Tips for a Successful Crowdfunding Campaign

  • Don’t enter a crowdfunding campaign lightly. Start early, be patient, and make the time to give the project the required amount of effort.
  • Be prepared, be organised, and be committed.
  • Make a budget and choose a wise amount to raise.
  • Be willing to spend some money to create a good, professional campaign.
  • Choose the right crowdfunding platform for your project. Do some research first.
  • Don’t be shy about marketing and networking. Crowdfunding is all about marketing, online and offline.

Tell me your opinion: Do you think crowdfunding for authors is a good idea? Why or why not?

Should Authors Like You Be Using Crowdfunding?

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About Cam Jefferys

An award-winning author in his own right, Cam Jefferys also runs Rippple Books, a small publisher that works with authors who offer unusual perspectives and who challenge the established structures. Rippple was recently profiled as an indie groundbreaking publisher. In August, Rippple Books completed a campaign on Indiegogo, raising $15,000 for the publication of The Book of Names by Royce Leville and the production of the short film Mikelis by Marc Bethke, based on a Leville story. This was the campaign page.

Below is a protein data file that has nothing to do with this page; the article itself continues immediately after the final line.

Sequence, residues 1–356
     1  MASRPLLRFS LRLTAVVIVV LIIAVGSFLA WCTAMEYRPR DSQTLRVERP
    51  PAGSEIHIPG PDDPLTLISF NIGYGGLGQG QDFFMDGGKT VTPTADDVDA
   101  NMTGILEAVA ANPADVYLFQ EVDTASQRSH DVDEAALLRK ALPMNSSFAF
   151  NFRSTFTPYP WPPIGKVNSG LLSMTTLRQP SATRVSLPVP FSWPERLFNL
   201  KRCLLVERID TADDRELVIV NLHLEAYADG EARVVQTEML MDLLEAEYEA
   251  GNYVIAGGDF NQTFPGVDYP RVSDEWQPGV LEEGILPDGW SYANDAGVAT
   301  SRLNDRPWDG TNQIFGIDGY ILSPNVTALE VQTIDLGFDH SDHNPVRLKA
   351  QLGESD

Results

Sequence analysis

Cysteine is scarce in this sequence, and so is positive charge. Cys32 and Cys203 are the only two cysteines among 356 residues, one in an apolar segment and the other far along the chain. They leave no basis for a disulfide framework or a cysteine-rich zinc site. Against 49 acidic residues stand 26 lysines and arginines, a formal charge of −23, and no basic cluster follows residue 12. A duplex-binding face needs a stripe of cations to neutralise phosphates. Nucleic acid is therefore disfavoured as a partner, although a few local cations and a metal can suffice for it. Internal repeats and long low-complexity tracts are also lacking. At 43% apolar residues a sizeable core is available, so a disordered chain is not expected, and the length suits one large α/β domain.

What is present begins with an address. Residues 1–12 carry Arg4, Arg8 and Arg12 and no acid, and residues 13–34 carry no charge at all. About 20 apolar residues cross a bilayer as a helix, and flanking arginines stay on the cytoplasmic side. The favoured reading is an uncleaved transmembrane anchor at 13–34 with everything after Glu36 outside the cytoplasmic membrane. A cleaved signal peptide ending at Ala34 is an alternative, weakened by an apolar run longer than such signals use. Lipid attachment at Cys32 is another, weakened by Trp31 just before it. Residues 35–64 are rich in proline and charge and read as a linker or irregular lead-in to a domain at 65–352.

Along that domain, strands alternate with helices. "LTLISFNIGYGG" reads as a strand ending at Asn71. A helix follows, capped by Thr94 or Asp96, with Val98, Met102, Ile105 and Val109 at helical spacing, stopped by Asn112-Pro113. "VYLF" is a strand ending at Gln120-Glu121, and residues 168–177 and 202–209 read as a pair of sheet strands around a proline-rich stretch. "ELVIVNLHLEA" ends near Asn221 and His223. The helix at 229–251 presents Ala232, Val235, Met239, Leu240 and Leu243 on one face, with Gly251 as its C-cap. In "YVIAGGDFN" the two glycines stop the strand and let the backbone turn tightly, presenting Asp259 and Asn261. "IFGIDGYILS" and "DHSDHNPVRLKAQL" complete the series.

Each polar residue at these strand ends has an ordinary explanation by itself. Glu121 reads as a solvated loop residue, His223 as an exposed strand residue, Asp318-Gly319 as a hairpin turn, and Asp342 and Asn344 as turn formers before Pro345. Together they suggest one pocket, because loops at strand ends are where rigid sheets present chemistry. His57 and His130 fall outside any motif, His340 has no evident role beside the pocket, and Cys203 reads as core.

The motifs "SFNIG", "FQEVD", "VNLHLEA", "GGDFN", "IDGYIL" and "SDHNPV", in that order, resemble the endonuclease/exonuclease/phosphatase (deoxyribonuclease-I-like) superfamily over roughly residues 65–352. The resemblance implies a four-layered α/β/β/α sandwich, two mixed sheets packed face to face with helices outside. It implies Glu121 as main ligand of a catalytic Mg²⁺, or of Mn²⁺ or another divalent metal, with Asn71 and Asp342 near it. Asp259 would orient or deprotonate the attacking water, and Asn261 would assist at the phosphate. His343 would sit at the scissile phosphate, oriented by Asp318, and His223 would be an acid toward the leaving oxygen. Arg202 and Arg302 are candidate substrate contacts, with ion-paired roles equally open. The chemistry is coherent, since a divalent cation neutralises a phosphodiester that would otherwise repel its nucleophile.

Comments

  1. I often wondered how authors used crowdfunded money. I like the idea of crowdfunding money for a book tour, especially if you are an author with a book or two under your belt who have fans wanting to see/hear/speak to you. Book tour expenses are now author responsibilities, so this seems like a win-win. Almost as if your fan base is throwing you a party!

    • That’s right, Janelle. Also good for a book that has a regional take. Say, a book about Texas, or set in Texas, and raising money to do a substantial tour of Texas. Rather than just big cities, you could bring the tour to smaller towns as well.

  2. Thanks so much for sharing with us today, Cam!

  3. Amalia Zeichnerin says: